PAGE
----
Texas, as the rest of the country, is in the midst of an education revolution. Tight budgets, cognitive research, and new technologies are forcing wholesale changes for students, teachers, and administrators. This was the backdrop of our trip to the Texas Computer Education Association conference the week of February 6, 2012.
We definitely noticed that attendance was down. Vendors commented that traffic was down, but that gave them more time to have deeper conversations, so the net effect was increased opportunity.
Almost by definition, if you are attending an ed tech event, you are interested in learning more and using technology, so the crowd was not necessarily representative of educators as a whole. That said, educators were looking for technology that allowed them to engage students, teach deeper, teach more in less time, and handle larger classes. Spending priorities on content seemed to be ELA first, Special Education second, ELL third, and if there were still funds available, Math. But the number one spending priority was on finding ways to use money to keep staff and avert layoffs at districts of all sizes.
We got the chance to listen to schools rave about three of our clients: Atomic Learning, HELP Math, and School Improvement Network, so that was gratifying. You always want to hear how your products are helping teachers teach better, and turning a failing student into a star.
And I was able to attend Edubloggercon, which will be called SocialEdCon at ISTE this summer. This is always a highlight for me, because the talks are unrehearsed, and the ideas free-flowing from the presenters and the audience.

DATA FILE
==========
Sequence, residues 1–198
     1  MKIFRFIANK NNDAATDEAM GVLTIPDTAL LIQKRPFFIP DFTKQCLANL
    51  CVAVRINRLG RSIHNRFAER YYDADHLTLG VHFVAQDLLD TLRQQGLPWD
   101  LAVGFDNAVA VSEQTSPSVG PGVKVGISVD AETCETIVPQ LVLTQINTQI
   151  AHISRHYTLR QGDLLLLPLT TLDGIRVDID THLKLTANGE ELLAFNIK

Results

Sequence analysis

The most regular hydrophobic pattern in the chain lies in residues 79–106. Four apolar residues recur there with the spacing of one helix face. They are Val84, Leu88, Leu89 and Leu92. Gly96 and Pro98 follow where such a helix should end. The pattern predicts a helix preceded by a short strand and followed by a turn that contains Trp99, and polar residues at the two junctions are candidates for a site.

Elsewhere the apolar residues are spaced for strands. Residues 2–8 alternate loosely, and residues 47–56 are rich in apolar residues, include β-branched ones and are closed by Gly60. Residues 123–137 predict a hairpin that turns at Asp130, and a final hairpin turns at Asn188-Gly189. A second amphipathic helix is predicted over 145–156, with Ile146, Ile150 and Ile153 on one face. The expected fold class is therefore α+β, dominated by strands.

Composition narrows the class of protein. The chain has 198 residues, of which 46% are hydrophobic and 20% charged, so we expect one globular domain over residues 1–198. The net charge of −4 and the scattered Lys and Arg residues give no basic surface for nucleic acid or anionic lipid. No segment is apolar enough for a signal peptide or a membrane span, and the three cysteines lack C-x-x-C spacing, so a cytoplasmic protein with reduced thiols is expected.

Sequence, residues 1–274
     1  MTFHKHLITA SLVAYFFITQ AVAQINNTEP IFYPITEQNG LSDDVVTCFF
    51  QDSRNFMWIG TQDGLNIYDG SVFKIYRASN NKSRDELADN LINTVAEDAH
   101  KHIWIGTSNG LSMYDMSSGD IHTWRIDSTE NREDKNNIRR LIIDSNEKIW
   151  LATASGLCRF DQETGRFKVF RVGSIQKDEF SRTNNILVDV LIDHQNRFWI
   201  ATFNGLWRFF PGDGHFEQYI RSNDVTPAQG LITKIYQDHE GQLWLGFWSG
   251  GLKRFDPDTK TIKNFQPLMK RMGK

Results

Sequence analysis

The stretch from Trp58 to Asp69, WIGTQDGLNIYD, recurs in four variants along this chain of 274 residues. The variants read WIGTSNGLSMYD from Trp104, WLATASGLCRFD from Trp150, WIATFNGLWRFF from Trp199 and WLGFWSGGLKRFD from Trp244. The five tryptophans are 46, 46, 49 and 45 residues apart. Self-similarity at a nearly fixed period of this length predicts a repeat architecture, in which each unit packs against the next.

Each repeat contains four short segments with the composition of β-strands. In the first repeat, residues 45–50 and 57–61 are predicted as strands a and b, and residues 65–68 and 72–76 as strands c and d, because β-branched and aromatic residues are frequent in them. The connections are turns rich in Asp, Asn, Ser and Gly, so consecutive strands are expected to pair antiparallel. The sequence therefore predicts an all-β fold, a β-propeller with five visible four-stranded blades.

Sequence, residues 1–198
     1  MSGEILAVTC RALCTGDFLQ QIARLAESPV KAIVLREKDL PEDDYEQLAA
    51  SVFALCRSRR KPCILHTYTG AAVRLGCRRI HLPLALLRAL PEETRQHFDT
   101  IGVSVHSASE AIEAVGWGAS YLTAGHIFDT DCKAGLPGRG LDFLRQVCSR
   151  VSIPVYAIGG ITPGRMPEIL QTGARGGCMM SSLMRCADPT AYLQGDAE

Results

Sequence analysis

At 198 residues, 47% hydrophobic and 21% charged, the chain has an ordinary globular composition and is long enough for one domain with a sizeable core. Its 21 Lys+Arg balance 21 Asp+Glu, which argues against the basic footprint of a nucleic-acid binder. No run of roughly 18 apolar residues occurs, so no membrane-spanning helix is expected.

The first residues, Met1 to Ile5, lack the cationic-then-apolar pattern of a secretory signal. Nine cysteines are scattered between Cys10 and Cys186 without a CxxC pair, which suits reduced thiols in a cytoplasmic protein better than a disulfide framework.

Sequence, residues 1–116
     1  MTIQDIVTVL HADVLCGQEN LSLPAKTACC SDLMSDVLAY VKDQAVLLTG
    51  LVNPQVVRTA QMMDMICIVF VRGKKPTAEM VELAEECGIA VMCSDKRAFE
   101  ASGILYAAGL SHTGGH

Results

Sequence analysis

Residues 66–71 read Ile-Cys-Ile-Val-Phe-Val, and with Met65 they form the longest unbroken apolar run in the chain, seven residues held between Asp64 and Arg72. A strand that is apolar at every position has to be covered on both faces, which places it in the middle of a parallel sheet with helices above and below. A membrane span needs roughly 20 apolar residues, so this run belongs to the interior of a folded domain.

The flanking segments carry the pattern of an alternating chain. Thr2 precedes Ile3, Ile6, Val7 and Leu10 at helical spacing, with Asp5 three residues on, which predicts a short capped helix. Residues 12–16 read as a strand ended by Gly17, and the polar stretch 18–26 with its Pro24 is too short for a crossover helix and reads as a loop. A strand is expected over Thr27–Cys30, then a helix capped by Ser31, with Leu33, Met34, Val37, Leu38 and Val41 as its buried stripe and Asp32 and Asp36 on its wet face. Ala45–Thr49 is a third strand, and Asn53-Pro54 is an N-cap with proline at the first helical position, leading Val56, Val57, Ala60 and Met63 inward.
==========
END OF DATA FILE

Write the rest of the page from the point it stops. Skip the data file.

For those interested in (usually free) interesting applications discussed at presentations, below are my highlights of the sessions I attended.
Kevin Honeycutt on Art and Music in Education
If you’ve never had the chance to hear or see Kevin, you’re missing something from your life. He connects education philosophy, technical savvy, empathy, first-hand experience with the effects of bullying, art, and humor in all of his presentations.
His main point in this session was that we are at the beginning of a major jobs war. Globally, there are 3 billion people vying for 1 billion good jobs. The winners are going to be inventors and innovators; yet we are cutting all the opportunities for individual expression and creativity from schools. What are some quick tips on tapping and expanding kids’ creativity?
- Give a school event where the price of admission is student content, like a dance but only allow students to come if they have written a song (which really isn’t that hard given applications like PocketGuitar and GarageBand)
- Give every teacher $20 on iTunes and let them find their own applications to use in class, but also make them share what they’ve done in some type of forum like a PLC.
- Make sure the local press reports on student created content, so the parents demand more of it.
- Put iPads in special education, and let those kids create content that the whole community hears about, so other parents demand that their own kids get the same opportunity
- Make it safe for kids to try new things. If they are using a new music application, let them use headphones so no one hears their mistakes until they feel comfortable to go pubic.
Motivating the technologically unmotivated teacher